Wayne Swartz, LCSW-C, began his career here in 1972 as the administrator of the Baltimore City Hospitals Crisis Clinic, a small mental health program with seven employees. With his leadership, vision and dedication, the clinic grew and evolved into the Johns Hopkins Community Psychiatry Program during his 25-year tenure. By the time he retired in 2009, he was administrative director of the Community Psychiatry Program and led its 275 staff members. Thanks to Swartz’s guidance, the Community Psychiatry Program is now recognized by the city and state for its range of community mental health services, serving patients of all ages.
Carol Ball, RN, former senior director of nursing, demonstrated continuous excellence in leadership and nursing practice for more than four decades. Ball’s service to patients, nurses and the Johns Hopkins Bayview Medical Center often led others to call her a “nurses’ nurse.” Her manner has been described by many that know her as practical, genuine, collegial, loyal and innovative. Her belief that employees could positively change the organization kept her at the Medical Center and led her to mentor and support so many through the years.
William B. Greenough III, M.D., is the Associate Medical Director for the Division of Geriatric Medicine and Gerontology at Johns Hopkins Bayview Medical Center, as well as the Associate Medical Director of the Ventilator Rehabilitation Unit. Dr. Greenough’s research on diarrhea and oral rehydration therapy has earned him many awards and is credited with saved the lives of thousands of children worldwide. He was also honored as 2017’s Johns Hopkins Bayview’s Physician of the Year.
During her career as Director of Communications and Public Affairs, P. Susan Davis' skill, energy and enthusiasm impacted hundreds of employees, either through the projects she undertook or through the writing classes she taught as part of training and development programs. Davis saw the Medical Center through many transitions, from name changes to new projects and evolving technologies.
Patricia Letke-Alexander, P.A., is a physician assistant who works on the Care-a-Van, which provides mobile primary care services to uninsured children and pregnant women in east Baltimore. She has operated the service since its launch in 2000, and her dedication to the community around Johns Hopkins Bayview remains unmatched, as well as her ability to adapt to the community's changing needs and demographics.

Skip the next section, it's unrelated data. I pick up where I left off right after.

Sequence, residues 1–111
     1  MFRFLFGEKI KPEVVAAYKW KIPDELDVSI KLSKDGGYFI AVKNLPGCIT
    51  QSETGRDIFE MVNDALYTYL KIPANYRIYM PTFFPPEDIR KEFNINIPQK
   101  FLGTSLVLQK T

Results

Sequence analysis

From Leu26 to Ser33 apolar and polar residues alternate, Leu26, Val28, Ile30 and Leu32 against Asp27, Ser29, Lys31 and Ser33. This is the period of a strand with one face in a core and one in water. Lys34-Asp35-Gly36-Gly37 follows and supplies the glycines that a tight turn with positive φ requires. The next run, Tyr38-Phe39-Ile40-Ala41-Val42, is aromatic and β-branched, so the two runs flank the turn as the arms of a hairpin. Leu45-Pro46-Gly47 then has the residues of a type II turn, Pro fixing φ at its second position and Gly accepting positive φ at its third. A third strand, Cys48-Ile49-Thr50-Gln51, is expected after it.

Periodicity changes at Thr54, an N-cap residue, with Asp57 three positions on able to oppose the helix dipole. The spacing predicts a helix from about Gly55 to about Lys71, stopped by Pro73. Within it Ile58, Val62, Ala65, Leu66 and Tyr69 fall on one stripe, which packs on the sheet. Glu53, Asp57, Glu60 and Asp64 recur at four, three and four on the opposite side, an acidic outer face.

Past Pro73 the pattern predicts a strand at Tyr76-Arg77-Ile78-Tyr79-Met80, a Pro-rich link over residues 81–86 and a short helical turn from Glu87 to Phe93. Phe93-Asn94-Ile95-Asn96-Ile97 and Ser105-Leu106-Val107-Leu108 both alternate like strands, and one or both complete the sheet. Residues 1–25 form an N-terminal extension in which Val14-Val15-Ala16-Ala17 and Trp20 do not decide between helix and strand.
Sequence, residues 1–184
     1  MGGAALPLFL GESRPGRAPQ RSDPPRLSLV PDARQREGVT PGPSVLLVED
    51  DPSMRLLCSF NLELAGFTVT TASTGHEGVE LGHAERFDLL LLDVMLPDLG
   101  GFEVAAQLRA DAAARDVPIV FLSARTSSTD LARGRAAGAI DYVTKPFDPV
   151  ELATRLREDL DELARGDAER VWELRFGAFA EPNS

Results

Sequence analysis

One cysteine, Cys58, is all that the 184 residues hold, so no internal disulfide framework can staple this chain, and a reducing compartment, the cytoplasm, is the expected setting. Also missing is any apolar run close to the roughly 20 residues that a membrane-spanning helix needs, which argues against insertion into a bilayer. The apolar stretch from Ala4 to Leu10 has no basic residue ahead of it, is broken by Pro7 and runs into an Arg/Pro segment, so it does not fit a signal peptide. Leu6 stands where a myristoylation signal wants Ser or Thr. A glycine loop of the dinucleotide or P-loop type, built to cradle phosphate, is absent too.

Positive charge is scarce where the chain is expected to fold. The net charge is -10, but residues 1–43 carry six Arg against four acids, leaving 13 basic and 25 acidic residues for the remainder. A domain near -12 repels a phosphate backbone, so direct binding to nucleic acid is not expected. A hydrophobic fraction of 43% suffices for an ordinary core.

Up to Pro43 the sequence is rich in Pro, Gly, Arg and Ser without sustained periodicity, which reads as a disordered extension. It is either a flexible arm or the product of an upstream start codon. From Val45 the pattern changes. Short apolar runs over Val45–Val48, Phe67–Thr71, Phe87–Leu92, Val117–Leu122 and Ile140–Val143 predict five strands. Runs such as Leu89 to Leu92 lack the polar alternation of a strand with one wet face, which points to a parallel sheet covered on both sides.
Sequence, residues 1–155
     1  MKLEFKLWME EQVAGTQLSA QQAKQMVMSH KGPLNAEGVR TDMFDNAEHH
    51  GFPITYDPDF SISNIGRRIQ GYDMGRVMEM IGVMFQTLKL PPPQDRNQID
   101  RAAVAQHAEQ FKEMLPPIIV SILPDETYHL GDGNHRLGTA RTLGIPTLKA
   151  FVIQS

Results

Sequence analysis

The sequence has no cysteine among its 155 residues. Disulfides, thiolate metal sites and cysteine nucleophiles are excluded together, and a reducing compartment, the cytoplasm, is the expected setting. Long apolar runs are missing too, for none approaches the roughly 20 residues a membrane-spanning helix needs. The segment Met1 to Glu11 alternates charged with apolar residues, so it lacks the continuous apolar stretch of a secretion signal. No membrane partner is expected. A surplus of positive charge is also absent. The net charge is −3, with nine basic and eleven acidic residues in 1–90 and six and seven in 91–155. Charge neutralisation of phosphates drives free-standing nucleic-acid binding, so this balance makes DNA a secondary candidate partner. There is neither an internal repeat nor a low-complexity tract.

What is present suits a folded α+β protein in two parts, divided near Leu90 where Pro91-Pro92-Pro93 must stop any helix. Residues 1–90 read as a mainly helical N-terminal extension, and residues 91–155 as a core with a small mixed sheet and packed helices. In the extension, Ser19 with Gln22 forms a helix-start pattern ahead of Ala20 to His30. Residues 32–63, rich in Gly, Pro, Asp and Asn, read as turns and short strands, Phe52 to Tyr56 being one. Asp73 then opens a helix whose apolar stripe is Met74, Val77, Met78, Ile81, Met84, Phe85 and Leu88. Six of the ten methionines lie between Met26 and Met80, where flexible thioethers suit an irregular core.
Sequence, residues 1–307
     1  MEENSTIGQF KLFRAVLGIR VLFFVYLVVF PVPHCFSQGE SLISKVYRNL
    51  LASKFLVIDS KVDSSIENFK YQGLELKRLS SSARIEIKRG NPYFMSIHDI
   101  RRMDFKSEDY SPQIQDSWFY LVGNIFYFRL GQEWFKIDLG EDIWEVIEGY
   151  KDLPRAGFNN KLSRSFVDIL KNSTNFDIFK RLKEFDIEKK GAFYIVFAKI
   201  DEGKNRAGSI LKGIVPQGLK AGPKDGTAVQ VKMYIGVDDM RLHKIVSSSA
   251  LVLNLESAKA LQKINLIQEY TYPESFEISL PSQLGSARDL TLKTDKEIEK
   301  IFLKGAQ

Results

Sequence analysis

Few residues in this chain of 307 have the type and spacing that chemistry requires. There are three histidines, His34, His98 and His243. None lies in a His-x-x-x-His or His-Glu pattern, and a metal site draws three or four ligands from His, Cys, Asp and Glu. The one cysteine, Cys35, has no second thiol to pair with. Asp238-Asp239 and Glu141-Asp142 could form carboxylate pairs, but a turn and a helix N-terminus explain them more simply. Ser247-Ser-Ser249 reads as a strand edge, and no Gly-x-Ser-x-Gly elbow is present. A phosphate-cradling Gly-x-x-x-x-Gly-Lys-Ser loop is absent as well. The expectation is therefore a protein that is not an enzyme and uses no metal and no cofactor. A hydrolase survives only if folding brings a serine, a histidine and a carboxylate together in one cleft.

Betty Lee, RN, was a longtime nurse whose 45-year career spanned the campus's status as Baltimore City Hospitals to Francis Scott Key Medical Center and Johns Hopkins Bayview Medical Center. After earning her LPN from a training program at Baltimore City Hospitals, she worked in labor and delivery for 12 years before moving to the Emergency Department. She touched the lives of many during the course of her career, including helping to train future Medical Center President Richard Bennett, M.D. After her retirement in 2004, she volunteered for the National Association for the Advancement of Colored People and Eastern Star, and now spends much of her time with her family, including her grandchildren and great-grandchildren.
As a member of the Kiwanis Club of Highlandtown (now Kiwanis Club of East Baltimore), Donald Hannahs spearheaded a 1966 fundraising drive to raise $20,000 before the opening of the Kiwanis Burn Unit at Baltimore City Hospitals, which later became Johns Hopkins Bayview Medical Center. Thomas Krizek, chief of plastic surgery at the hospital and a member of the Kiwanis, had challenged Hannahs to raise the funds for the burn unit during a bowling match. Over the decades, Hannahs remained a dedicated volunteer on campus as Kiwanis donated more than $1 million to support the Burn Center, which has treated thousands of burn patients from the region.
Philip Zieve, M.D., former Director of the Department of Medicine and vice president of medical affairs and chief of the professional medical staff at Johns Hopkins Bayview Medical Center, was an influential leader and esteemed physician. He played a key role in advancing clinical, research and educational programs, and played an essential role in turning the underperforming Baltimore City Hospitals into Johns Hopkins Bayview Medical Center. Zieve also trained many leaders in medicine, some of whom have assumed prominent roles within Johns Hopkins Medicine, including Richard Bennett, M.D., president of Johns Hopkins Bayview; Roy Ziegelstein, M.D., vice dean for education for the school of medicine; Nisha Chandra-Strobos, M.D., chief of cardiology for Johns Hopkins Bayview; and Steven Kravet, M.D., president of Johns Hopkins Community Physicians.